No potential conflict of interest relevant to this article was reported.


1. Bogdanovic G, Priftakis P, Giraud G, Kuzniar M, Ferraldeschi R, Kokhaei P, et al. Association between a high BK virus load in urine samples of patients with graft-versus-host disease and development of hemorrhagic cystitis after hematopoietic stem cell transplantation. J Clin Microbiol 2004;42:5394–5396. 15528753.
2. Haines HL, Laskin BL, Goebel J, Davies SM, Yin HJ, Lawrence J, et al. Blood, and not urine, BK viral load predicts renal outcome in children with hemorrhagic cystitis following hematopoietic stem cell transplantation. Biol Blood Marrow Transplant 2011;17:1512–1519. 21385622.
3. Kloos RQ, Boelens JJ, de Jong TP, Versluys B, Bierings M. Hemorrhagic cystitis in a cohort of pediatric transplantations: incidence, treatment, outcome, and risk factors. Biol Blood Marrow Transplant 2013;19:1263–1266. 23711594.
4. Laskin BL, Denburg M, Furth S, Diorio D, Goebel J, Davies SM, et al. BK viremia precedes hemorrhagic cystitis in children undergoing allogeneic hematopoietic stem cell transplantation. Biol Blood Marrow Transplant 2013;19:1175–1182. 23665115.
5. Lee GW, Lee JH, Choi SJ, Kim S, Seol M, Kim WK, et al. Hemorrhagic cystitis following allogeneic hematopoietic cell transplantation. J Korean Med Sci 2003;18:191–195. 12692415.
6. Oshrine B, Bunin N, Li Y, Furth S, Laskin BL. Kidney and bladder outcomes in children with hemorrhagic cystitis and BK virus infection after allogeneic hematopoietic stem cell transplantation. Biol Blood Marrow Transplant 2013;19:1702–1707. 24060406.
7. Cheuk DK, Lee TL, Chiang AK, Ha SY, Lau YL, Chan GC. Risk factors and treatment of hemorrhagic cystitis in children who underwent hematopoietic stem cell transplantation. Transpl Int 2007;20:73–81. 17181656.
8. Gilis L, Morisset S, Billaud G, Ducastelle-Lepretre S, Labussiere-Wallet H, Nicolini FE, et al. High burden of BK virus-associated hemorrhagic cystitis in patients undergoing allogeneic hematopoietic stem cell transplantation. Bone Marrow Transplant 2014;49:664–670. 24488049.
9. Hale GA, Rochester RJ, Heslop HE, Krance RA, Gingrich JR, Benaim E, et al. Hemorrhagic cystitis after allogeneic bone marrow transplantation in children: clinical characteristics and outcome. Biol Blood Marrow Transplant 2003;9:698–705. 14652853.
10. O'Donnell PH, Swanson K, Josephson MA, Artz AS, Parsad SD, Ramaprasad C, et al. BK virus infection is associated with hematuria and renal impairment in recipients of allogeneic hematopoetic stem cell transplants. Biol Blood Marrow Transplant 2009;15:1038–1048.e1. 19660716.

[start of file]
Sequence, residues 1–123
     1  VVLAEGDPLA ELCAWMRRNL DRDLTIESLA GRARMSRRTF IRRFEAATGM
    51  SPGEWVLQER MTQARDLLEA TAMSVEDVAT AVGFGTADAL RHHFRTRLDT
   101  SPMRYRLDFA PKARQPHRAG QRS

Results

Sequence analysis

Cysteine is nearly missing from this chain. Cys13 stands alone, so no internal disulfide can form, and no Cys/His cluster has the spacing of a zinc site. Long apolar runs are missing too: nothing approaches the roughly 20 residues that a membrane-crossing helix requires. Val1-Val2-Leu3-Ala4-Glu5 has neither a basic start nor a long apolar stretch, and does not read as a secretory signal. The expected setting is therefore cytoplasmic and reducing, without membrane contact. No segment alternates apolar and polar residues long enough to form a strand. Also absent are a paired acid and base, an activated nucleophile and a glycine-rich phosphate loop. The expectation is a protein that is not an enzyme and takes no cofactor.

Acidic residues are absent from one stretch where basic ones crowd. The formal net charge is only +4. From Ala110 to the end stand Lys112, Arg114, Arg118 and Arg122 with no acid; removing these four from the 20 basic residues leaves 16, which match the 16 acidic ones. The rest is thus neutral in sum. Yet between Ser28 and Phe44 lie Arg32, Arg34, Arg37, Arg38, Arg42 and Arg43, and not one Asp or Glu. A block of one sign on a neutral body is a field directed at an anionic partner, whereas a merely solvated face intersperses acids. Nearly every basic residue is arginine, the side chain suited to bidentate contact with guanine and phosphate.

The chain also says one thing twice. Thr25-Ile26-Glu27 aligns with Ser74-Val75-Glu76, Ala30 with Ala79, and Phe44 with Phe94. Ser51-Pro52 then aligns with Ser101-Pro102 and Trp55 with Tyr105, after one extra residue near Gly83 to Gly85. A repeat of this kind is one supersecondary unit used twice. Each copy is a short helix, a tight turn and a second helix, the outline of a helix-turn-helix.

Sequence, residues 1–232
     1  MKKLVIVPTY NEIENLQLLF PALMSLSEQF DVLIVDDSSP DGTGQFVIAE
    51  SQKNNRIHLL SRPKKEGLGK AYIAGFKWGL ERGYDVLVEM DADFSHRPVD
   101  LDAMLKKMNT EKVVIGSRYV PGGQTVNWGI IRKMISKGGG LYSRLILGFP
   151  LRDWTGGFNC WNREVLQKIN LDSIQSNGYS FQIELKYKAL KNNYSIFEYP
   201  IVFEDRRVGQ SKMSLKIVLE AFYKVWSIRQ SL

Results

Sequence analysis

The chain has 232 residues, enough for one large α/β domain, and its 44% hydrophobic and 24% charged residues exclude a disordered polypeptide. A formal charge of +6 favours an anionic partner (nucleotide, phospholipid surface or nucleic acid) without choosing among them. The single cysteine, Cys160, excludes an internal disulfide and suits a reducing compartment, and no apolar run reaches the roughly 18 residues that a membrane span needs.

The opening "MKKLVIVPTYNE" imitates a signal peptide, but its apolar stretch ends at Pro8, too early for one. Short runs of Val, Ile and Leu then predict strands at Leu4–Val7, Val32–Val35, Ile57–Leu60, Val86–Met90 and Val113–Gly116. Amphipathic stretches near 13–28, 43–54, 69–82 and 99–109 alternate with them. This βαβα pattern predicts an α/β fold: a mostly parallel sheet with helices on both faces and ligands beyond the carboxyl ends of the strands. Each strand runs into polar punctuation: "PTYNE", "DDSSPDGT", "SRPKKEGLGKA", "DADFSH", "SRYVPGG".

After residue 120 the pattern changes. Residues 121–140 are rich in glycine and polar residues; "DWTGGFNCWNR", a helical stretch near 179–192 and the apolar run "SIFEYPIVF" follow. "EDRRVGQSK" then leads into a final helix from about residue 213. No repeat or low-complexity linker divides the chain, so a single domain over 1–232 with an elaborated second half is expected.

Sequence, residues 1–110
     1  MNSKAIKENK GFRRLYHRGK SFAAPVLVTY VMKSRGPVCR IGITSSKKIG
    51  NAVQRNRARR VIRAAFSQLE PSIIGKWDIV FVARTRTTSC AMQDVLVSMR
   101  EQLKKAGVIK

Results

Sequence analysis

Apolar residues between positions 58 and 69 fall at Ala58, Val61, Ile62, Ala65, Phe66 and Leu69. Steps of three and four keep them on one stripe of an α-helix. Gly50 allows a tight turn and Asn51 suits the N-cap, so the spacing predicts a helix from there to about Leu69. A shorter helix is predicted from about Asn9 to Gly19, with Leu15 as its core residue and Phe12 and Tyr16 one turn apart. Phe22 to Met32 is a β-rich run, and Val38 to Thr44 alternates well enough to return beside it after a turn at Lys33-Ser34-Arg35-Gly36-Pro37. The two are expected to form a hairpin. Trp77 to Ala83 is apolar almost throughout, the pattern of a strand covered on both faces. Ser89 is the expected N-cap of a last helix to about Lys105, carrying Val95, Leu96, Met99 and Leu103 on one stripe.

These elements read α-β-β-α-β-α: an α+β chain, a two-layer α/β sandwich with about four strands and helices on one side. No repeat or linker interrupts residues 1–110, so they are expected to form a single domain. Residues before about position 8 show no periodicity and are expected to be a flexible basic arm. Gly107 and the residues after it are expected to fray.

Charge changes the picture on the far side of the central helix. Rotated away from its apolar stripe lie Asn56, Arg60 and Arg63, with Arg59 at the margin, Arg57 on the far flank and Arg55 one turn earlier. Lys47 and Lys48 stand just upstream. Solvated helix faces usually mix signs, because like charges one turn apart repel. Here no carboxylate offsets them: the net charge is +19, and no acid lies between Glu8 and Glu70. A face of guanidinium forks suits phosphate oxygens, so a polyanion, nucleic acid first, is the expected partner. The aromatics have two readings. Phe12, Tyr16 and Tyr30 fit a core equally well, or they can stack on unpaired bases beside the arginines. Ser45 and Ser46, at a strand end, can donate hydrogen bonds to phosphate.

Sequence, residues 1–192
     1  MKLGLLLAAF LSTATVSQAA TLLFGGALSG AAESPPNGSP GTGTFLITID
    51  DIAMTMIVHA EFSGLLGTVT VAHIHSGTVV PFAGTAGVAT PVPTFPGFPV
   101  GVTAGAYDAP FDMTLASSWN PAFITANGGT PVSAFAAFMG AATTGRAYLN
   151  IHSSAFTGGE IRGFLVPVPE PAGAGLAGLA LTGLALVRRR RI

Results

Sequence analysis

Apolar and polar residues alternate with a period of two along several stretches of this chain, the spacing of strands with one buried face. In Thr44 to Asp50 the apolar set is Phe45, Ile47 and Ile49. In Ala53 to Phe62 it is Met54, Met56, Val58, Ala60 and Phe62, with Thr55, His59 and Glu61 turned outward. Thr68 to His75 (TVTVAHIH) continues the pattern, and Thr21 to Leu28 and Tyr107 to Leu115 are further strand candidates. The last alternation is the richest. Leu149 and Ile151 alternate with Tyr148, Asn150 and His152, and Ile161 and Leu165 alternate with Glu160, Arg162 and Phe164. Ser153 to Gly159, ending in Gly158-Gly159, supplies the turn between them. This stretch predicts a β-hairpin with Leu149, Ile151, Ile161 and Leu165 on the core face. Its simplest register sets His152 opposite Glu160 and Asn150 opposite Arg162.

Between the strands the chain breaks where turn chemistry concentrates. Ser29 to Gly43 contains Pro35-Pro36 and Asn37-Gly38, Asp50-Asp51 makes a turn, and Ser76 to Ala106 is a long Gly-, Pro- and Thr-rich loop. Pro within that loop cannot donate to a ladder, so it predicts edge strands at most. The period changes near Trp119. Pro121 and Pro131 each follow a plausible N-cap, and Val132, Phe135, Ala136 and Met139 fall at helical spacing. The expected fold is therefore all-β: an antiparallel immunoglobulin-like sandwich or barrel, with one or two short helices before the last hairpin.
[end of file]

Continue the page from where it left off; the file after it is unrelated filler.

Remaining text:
11. Dropulic LK, Jones RJ. Polyomavirus BK infection in blood and marrow transplant recipients. Bone Marrow Transplant 2008;41:11–18. 17952131.
12. Tsuboi K, Kishi K, Ohmachi K, Yasuda Y, Shimizu T, Inoue H, et al. Multivariate analysis of risk factors for hemorrhagic cystitis after hematopoietic stem cell transplantation. Bone Marrow Transplant 2003;32:903–907. 14561991.
13. Brugieres L, Hartmann O, Travagli JP, Benhamou E, Pico JL, Valteau D, et al. Hemorrhagic cystitis following high-dose chemotherapy and bone marrow transplantation in children with malignancies: incidence, clinical course, and outcome. J Clin Oncol 1989;7:194–199. 2644398.
14. Leung AY, Yuen KY, Kwong YL. Polyoma BK virus and haemorrhagic cystitis in haematopoietic stem cell transplantation: a changing paradigm. Bone Marrow Transplant 2005;36:929–937. 16184185.
15. Seber A, Shu XO, Defor T, Sencer S, Ramsay N. Risk factors for severe hemorrhagic cystitis following BMT. Bone Marrow Transplant 1999;23:35–40. 10037048.
16. Bedi A, Miller CB, Hanson JL, Goodman S, Ambinder RF, Charache P, et al. Association of BK virus with failure of prophylaxis against hemorrhagic cystitis following bone marrow transplantation. J Clin Oncol 1995;13:1103–1109. 7738616.
17. Cesaro S, Facchin C, Tridello G, Messina C, Calore E, Biasolo MA, et al. A prospective study of BK-virus-associated haemorrhagic cystitis in paediatric patients undergoing allogeneic haematopoietic stem cell transplantation. Bone Marrow Transplant 2008;41:363–370. 17982496.
18. Erard V, Storer B, Corey L, Nollkamper J, Huang ML, Limaye A, et al. BK virus infection in hematopoietic stem cell transplant recipients: frequency, risk factors, and association with postengraftment hemorrhagic cystitis. Clin Infect Dis 2004;39:1861–1865. 15578413.
19. Giraud G, Bogdanovic G, Priftakis P, Remberger M, Svahn BM, Barkholt L, et al. The incidence of hemorrhagic cystitis and BKviruria in allogeneic hematopoietic stem cell recipients according to intensity of the conditioning regimen. Haematologica 2006;91:401–404. 16531266.
20. Kwon HJ, Kang JH, Lee JW, Chung NG, Kim HK, Cho B. Treatment of BK virus-associated hemorrhagic cystitis in pediatric hematopoietic stem cell transplant recipients with cidofovir: a single-center experience. Transpl Infect Dis 2013;15:569–574. 24028353.
21. Han SH, Noh OK, Lee SW, Park SJ, Jung HJ, Park JE. Polyomavirus activation in pediatric patients with hemorrhagic cystitis following hematopoietic stem cell transplantation. Clin Pediatr Hematol Oncol 2012;19:92–99.